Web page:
During WWI, it was made clear that Infantry troops needed what was then called "walking fire". This being the ability to lay down a high volume of suppressive fire, after going over the top of the trenches to assault over open ground, many times into the enemy's machine gun fire! The bolt action rifles cycled too slow to lay down the "walking fire" required to stifle the enemy's machine guns.

Many rifles were tested and rejected. Finally in 1932, a man named John Garand, who worked at Springfield Armory, had his design tested. That Garand design was adopted in 1936. Therefore, the US was the only nation to go into WWII having a main battle rifle that was a semi-automatic firing rifle. Semi-automatic means that by merely continuing to pull the trigger following each shot, you will load and fire another shot, until the magazine is empty. You need to pull the trigger for each round fired, so the firearm is not fully automatic. On a fully automatic firearm, once the trigger is pulled back and held back, all rounds in the magazine or belt, will fire, until all rounds are expended, or until the firearm overheats and malfunctions. This, as with the Thompson sub-machine gun with a long box magazine, or the US Model 1919 Machine gun, using a belt to feed cartridges. The difference between the Thompson SMG and the Model 1919 MG, is that the Thompson fires a .45 cal. pistol cartridge and is good only at short range, where as the US Model 1919 MG, fires the same round as does the US Mod. 1903 and US M1 Rifle, being the 30-06 Round. The 1919 MG has an effective range of over  a quarter mile.

Some casual observers of the US M1 Rifle, believe that it has two barrels.  What they believe to be the second barrel, on the bottom, is actually the "gas cylinder tube!" This tube or gas cylinder tube, is what causes the US M1 Rifle to be semi-automatic and fire as a repeater. By simply again pulling the trigger after each round fires, instead of manually working a bolt, the expended case is ejected up and away from the receiver and the next round in the magazine is stripped off and pushed into battery. The propellant gases, which push the bullet down and out of the bore, are leeched off in order to provide power to cycle the rifles action. Thus, the gases coming out of a hole on the underside of the barrel, are driving back the operating rod, the handle of which is seen on the right side of the M1 Rifle. This action drives back the bolt, ejects the spent round and when the spring loaded bolt slams back into battery, it strips off the next round, from the magazine and pushes that round into the chamber. The Bolt then rotates to the right and locks the action to safely fire a round. When the next round is fired, the rearward movement of the op rod, again unlocks the bolt and begins again the cycle.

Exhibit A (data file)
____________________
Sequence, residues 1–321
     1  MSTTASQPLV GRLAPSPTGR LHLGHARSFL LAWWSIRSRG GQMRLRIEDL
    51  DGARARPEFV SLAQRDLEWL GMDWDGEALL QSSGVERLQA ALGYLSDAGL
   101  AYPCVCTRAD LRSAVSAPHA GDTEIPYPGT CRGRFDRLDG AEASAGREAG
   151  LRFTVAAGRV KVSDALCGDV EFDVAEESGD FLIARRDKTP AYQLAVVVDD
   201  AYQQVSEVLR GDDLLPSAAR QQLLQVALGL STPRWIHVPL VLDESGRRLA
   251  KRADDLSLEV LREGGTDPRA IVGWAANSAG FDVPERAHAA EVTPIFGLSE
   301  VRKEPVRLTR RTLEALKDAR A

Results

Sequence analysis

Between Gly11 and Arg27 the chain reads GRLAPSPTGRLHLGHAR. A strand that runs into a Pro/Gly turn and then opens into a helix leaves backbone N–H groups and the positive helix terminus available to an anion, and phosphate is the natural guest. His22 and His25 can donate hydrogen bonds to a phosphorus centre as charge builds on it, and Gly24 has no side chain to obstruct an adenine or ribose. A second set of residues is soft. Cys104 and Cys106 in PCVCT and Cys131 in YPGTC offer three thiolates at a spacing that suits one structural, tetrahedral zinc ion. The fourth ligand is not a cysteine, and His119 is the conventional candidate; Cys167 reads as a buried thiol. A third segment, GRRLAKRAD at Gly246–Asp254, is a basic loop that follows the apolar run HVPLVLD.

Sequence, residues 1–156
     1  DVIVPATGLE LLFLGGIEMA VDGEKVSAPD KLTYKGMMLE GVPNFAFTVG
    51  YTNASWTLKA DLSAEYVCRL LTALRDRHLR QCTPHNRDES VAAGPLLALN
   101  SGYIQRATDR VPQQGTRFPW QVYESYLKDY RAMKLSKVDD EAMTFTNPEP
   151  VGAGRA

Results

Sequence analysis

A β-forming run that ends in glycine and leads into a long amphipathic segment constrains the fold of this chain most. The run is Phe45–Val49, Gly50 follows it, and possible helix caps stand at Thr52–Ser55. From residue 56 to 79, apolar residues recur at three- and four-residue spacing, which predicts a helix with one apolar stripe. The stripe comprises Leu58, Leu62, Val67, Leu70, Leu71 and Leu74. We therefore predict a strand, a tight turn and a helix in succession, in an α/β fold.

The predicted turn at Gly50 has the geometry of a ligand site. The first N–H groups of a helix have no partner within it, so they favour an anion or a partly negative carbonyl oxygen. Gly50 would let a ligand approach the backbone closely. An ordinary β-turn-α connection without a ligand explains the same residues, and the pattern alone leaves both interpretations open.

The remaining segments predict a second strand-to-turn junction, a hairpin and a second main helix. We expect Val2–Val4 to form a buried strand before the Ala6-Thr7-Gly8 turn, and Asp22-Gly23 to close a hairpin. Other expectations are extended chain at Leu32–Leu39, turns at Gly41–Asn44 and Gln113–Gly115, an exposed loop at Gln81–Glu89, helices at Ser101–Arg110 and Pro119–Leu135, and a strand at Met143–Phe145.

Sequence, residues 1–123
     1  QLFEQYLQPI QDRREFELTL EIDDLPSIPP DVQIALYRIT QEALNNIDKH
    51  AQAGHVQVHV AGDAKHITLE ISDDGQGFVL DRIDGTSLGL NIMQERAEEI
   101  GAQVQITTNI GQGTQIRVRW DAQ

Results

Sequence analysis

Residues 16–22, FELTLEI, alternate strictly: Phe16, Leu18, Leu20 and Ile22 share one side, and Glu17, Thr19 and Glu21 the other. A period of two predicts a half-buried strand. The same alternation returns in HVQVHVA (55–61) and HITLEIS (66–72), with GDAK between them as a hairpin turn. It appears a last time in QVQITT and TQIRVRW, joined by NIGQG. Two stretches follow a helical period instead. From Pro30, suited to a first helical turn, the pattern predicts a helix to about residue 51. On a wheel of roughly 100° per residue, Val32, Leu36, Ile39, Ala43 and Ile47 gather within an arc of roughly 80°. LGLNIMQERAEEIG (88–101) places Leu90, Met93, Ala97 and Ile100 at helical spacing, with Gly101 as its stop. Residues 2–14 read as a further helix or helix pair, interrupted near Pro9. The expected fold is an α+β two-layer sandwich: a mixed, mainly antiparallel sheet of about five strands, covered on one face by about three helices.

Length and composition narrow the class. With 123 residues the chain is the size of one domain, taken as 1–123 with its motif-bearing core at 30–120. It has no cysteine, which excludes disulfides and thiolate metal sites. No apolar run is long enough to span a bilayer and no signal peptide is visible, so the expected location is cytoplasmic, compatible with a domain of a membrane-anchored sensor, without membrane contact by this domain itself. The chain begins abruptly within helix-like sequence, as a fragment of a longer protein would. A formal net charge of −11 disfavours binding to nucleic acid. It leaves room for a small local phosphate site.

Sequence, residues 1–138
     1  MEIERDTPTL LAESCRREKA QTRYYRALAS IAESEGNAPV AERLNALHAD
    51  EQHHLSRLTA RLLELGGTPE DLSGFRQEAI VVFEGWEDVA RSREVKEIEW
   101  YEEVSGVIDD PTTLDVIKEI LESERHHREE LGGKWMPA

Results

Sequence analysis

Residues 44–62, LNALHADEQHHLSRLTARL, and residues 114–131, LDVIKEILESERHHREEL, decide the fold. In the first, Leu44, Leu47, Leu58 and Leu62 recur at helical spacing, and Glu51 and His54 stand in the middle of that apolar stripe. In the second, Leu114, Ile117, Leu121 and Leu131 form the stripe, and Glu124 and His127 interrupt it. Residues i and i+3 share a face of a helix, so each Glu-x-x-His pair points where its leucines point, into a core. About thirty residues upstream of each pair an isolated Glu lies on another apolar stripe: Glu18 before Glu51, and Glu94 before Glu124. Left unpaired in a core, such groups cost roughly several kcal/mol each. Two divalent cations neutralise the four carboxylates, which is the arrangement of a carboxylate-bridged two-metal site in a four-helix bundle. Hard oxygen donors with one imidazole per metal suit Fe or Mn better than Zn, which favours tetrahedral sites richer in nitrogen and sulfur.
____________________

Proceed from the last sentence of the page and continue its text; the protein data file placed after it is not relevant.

Three models, the US Model 1903 Rifle, US Model 1903A3 Rifle and the US Model 1 Rifle, all were in used during WWII. The US Model 1 Rifle was more widely used in all theaters of war, during WWII. By late 1942, the US was catching up with need for the main battle rifle, being the M1 Rifle and the 1903 rifles were relegated to second echelon use and used within the Continental US to guard docks, motor pools, etc. The US 03A3 was only slightly modified to become the US 03A4, mounted with a weak scope and pressed into action at the US sniper rifle. At the very end WWII, the M1 Rifle was modified and mounted also with a weak scope to become the M1C Sniper Rifle. The Japanese, Germans and Russians all had sniper rifles used in their military organizations prior to WWII. The US was again slow to realize the battlefield necessity for a sniper rifle. Many German snipers used civilian hunting rifles for sniper work. A good number of these had, for that day, superior optics and accuracy, when up against Soviet or US snipers.

When the US Model 14 Rifle was adopted in 1957, the US M1 Rifles in service continued to serve in the US Military and military armies of US allies for many years.

Steven L. Ashe